New study shows that the earliest known human ancestors could walk upright

New analysis of ancient leg and hand bones found in Chad in 2001 led researchers to conclude that one of our earliest known ancestors was walking upright 7 million years ago.

A new study published Wednesday in the scientific journal Nature suggests that our ability to walk on two legs, or bipedalism, developed “shortly after the divergence of humans and chimpanzees.”

About 20 years ago, researchers in Chad discovered the nearly complete skull of Sahelanthropus tchadensis, the ancient ape species. They also found arm and leg bones nearby. The skull found had an opening in the middle of the skull that was oriented downward, suggesting that “like bipeds, Sahelanthropus balanced its head on a vertical neck,” human evolution expert Daniel Lieberman wrote in Nature.

3D models of the postcranial material of Sahelanthropus tchadensis. From left to right: the femur, in posterior and medial views. the right and left ulna, in anterior and lateral views. The remains were discovered in 2001 in Chad by the Franco-Chadian Paleoanthropological Expedition (MPFT). / Credit: Franck Guy/PALEVOPRIM/CNRS – University of Poitiers

However, not all scientists agree that the skull provided enough evidence for bipedalism, according to the Associated Press. Some believe that similar features between Sahelanthropus and humans could have evolved independently.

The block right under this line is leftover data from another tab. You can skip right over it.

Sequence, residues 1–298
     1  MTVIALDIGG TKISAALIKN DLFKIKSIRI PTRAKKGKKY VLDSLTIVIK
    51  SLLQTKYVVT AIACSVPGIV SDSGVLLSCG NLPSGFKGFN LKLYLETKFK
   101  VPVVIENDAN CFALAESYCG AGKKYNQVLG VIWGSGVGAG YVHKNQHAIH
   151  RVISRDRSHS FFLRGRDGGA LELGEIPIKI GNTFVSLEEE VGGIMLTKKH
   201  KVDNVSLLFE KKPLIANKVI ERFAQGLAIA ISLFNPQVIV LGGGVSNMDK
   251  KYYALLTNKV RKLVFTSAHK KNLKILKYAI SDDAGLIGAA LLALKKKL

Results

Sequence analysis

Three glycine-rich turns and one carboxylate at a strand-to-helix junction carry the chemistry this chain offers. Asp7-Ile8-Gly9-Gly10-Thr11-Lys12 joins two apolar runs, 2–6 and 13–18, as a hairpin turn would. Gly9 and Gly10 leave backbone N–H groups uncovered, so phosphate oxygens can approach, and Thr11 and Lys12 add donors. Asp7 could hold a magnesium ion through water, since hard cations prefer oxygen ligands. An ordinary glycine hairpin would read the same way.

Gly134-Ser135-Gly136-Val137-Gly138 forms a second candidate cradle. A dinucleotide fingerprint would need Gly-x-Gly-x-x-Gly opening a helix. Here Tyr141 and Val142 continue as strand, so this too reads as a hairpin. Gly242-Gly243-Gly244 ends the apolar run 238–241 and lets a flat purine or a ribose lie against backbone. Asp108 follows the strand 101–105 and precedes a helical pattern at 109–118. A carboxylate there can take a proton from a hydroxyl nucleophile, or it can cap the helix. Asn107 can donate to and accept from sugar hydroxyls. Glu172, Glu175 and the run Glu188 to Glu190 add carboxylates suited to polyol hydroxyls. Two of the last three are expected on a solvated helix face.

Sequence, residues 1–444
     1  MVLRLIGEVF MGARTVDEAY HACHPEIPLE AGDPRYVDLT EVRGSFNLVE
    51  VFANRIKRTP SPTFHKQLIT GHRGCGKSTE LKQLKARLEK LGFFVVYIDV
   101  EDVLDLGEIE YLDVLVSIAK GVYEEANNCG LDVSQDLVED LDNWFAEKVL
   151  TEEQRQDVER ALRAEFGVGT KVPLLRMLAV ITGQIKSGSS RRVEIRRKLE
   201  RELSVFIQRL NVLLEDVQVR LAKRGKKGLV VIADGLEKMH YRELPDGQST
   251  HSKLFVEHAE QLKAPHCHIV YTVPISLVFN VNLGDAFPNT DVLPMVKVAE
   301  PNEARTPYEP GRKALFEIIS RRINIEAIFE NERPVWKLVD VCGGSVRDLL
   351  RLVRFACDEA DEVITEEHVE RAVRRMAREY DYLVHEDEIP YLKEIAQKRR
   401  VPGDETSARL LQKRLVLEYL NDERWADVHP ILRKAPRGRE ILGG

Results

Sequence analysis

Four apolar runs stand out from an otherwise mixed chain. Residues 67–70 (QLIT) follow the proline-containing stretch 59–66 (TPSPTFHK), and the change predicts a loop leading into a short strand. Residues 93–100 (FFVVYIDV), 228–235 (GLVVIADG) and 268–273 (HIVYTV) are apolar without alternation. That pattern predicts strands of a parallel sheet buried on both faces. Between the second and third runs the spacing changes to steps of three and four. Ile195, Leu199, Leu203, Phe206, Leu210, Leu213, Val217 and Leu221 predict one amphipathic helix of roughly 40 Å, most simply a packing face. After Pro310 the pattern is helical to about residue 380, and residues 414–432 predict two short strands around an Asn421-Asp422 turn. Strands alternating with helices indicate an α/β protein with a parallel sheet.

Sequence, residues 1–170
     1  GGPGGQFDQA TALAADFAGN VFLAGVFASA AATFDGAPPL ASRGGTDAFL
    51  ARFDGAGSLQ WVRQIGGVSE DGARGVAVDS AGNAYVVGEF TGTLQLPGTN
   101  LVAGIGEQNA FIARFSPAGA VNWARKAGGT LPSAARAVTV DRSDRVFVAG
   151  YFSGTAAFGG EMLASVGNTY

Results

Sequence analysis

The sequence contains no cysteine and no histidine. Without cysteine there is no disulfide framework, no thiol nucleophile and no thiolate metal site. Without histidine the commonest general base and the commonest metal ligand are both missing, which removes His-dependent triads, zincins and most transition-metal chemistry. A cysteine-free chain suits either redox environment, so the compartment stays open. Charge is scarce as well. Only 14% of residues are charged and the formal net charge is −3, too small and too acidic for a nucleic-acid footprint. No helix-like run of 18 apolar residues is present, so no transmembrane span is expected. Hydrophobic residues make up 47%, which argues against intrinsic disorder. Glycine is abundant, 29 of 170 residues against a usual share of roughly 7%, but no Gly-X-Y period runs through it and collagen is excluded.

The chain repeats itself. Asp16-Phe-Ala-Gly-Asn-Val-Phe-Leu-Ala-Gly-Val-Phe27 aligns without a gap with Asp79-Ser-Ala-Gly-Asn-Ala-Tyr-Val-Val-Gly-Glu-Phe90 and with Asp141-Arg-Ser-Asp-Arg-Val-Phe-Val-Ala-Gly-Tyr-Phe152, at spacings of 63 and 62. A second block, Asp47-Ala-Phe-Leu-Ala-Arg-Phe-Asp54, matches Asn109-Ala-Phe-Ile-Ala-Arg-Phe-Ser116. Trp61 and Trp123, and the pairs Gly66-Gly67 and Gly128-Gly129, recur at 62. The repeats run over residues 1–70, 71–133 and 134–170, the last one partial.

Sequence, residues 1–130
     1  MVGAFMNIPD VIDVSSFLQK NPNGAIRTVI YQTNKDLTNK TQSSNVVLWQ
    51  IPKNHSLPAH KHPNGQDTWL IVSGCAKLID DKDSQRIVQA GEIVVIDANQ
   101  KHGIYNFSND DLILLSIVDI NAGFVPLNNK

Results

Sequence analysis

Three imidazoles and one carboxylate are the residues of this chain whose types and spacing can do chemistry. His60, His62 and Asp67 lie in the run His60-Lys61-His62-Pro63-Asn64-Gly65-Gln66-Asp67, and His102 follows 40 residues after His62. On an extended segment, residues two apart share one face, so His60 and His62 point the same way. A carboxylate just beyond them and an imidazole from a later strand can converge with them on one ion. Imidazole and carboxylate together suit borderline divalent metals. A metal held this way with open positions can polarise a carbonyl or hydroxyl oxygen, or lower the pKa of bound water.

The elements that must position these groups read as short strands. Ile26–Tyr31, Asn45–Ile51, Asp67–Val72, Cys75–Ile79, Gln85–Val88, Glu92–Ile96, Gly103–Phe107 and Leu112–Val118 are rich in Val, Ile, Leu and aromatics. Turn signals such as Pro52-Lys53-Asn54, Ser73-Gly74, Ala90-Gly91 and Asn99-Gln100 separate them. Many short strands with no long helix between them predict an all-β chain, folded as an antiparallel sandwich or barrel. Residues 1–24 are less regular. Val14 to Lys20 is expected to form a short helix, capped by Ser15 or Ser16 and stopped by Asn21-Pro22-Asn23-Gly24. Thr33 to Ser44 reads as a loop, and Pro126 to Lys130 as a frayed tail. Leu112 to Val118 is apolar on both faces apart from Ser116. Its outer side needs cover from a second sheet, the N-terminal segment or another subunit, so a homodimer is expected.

Scientists Guillaume Daver and Franck Guy, who co-authored the study, used the previously undescribed bones of the left thigh (femur) and forearm (ulna) to confirm the original findings. They found that the femur bone had “human-like” characteristics and looked “more like that of a bipedal hominid than a quadrupedal ape,” Lieberman explained.

On the other hand, the forearm bones looked “unmistakably chimpanzee-like,” with arms that could climb trees well.

Based on the evidence the researchers gathered from studying the skull and femur, they determined that the monkey likely walked upright, but could also climb well, Lieberman wrote.

Other than that conclusion, scientists don’t really have much information about the type of ride this species had, he said.

“We know little else about the gait of Sahelanthropus,” Lieberman said. “A mixed walking and climbing repertoire makes sense given that Sahelian lived near a forested lake.”

In addition, there are still many features that Sahelanthropus shares with chimpanzees, he wrote.

“This similarity makes sense if the last common ancestor of humans and chimpanzees was chimpanzee-like, and Sahelanthropus evolved very soon after humans and chimpanzees diverged,” Lieberman said.

The findings of this study are important because the development of bipedalism is considered “a decisive step in human evolution,” according to a press release from the Université de Poitiers in France, whose researchers were involved in the new study, as well as a previous study on the bones in 2005.

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